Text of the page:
“She is a strong-willed fighter for what she believes in and serves as a vital role of the board,” he said, adding that Ms O’Keefe should not be judged by their vote on a single issue.

Karen Fassuliotis also spoke in favor of both Ms O’Keefe and Dr. Gamble.

Referring to the Health Board vote, she said that by repealing the noise ordinance the Health Board gave the RTM the power to craft an ordinance with gas leaf blower restrictions.

“Personal attacks and vitriol – when the exchange brings a nominated volunteer to tears – by members of this body and the public, on this or any other nominee – are completely unwarranted  and cast a chilling effect on anyone seeking to volunteer countless hours on behalf of the town,” Fassuliotis said.

Ms Fassuliotis referred to Dr. Gamble as a Medical Doctor, though Dr. Gamble is an Osteopath (DO).

“Dr. Gamble is a respected doctor, has devoted countless volunteer hours to our town as the sole Medical Doctor of the board, she serves as the doctor who assures there are standing orders for the Health Dept.”

“That service, I’ve been told, if you do not approve her tonight will cost us $20,000 or more if she is not renominated,” Fassuliotis added.

RTM moderator Alexis Voulgaris asked Fassuliotis to clarify the reference to a $20,000 cost.

“We would have to hire a doctor to provide the service she now provides,” Fassuliotis said.

“You understand that members serve until replaced?” Voulgaris asked.

“She could decide to step down and not serve, and we’d have to hire someone,” Fassuliotis said.

“That’s speculative,” Voulgaris said.

The town charter has a section titled, “Health Board: Membership, Number and Appointment.” There is no mention the board must include a doctor.

Gerald Anderson spoke in favor of Dr. Gamble.

“First I need to tell you that Dr. Gamble is my doctor,” he said. “It seems that her only sin is she is politically inexperienced in working for a board. She didn’t understand the importance of consulting with the First Selectman, the RTM and other interested parties on controversial issues. This failing I think has been very clearly communicated to her by the Appoints committee and the Health and Human Services committee.”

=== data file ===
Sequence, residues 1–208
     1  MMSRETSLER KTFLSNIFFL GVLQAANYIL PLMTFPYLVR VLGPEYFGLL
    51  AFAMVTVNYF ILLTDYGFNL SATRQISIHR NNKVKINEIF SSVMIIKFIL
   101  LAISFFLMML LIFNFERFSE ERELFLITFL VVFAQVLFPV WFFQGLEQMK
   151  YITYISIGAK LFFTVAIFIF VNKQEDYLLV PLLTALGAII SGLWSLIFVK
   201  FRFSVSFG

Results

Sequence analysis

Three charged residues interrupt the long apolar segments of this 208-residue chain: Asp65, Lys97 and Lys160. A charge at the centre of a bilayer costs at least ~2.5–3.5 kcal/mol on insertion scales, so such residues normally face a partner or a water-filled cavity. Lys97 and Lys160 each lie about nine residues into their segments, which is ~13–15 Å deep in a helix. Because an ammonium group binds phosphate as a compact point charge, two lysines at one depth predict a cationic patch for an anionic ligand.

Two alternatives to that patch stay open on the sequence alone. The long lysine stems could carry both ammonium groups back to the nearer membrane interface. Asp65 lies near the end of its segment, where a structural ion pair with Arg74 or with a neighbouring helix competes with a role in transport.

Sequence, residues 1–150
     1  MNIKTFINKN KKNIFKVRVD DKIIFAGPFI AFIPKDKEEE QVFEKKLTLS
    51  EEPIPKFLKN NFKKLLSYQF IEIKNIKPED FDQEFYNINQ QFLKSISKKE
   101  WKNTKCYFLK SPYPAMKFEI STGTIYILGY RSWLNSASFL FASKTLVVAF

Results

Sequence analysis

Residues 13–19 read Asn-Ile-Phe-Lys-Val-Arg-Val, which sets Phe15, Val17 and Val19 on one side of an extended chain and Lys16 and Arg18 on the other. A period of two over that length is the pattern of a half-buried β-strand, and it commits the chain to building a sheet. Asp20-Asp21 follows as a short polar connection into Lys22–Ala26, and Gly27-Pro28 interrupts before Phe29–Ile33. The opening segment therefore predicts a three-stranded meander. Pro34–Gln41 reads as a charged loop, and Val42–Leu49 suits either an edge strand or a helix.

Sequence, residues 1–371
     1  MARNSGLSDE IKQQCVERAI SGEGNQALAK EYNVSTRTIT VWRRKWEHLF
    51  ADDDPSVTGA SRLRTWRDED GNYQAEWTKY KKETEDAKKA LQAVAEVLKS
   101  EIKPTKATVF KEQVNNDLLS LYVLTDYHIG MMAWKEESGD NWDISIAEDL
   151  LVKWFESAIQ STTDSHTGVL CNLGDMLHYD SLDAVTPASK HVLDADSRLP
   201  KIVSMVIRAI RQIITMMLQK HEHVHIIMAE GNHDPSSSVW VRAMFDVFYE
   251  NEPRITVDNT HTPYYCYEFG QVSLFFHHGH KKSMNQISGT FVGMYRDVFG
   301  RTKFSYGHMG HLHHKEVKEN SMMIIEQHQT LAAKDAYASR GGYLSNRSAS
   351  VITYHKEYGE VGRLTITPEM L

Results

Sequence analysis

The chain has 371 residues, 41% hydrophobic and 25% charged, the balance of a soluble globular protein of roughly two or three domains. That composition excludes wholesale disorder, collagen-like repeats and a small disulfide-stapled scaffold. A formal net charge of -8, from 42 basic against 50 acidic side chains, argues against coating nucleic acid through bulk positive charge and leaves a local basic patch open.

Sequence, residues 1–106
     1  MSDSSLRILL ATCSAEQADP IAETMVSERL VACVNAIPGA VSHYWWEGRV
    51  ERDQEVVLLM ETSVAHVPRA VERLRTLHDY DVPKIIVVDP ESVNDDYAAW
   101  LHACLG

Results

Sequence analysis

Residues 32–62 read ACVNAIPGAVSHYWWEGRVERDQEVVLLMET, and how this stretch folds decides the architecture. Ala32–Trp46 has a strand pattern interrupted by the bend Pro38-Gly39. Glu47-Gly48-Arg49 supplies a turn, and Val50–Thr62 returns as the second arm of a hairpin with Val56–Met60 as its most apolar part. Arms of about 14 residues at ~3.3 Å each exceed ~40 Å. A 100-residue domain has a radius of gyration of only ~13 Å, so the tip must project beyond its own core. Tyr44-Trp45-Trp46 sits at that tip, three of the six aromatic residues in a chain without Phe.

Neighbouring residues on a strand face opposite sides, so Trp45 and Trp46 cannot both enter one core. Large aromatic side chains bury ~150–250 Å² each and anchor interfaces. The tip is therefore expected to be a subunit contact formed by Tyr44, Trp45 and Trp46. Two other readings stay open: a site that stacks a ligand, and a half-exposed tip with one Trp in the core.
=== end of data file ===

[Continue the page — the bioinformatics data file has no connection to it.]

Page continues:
“I hope you will overlook her failure to consult with these committees because it is clear that she is not going to make that mistake again,” Anderson said.

Aaron Leonard disagreed.

“The issue before the RTM is not whether Dr. Gamble is a good person,” he said. “I’m sure she is. It’s not whether she provides good service to her patients. That is not the issue here. The issue before the RTM – is she a good candidate to be on the Board of Health? I’m afraid the answer is no.”

Mr. Leonard said the vote on the leaf blower restrictions was not controversial when the RTM voted on it. In fact the vote on to restore the noise ordinance amended to include gas leaf blower restrictions was 135 yes, 64 no 6 abstain.

“Make no mistake, We are involved in a political endeavor – by which I don’t mean parties – but the votes we take are recorded and there are consequences for those decisions,” Mr. Leonard said. “We serve the public, as do the members of the Board of Health or any other members we vote on. And they have failed in that duty.”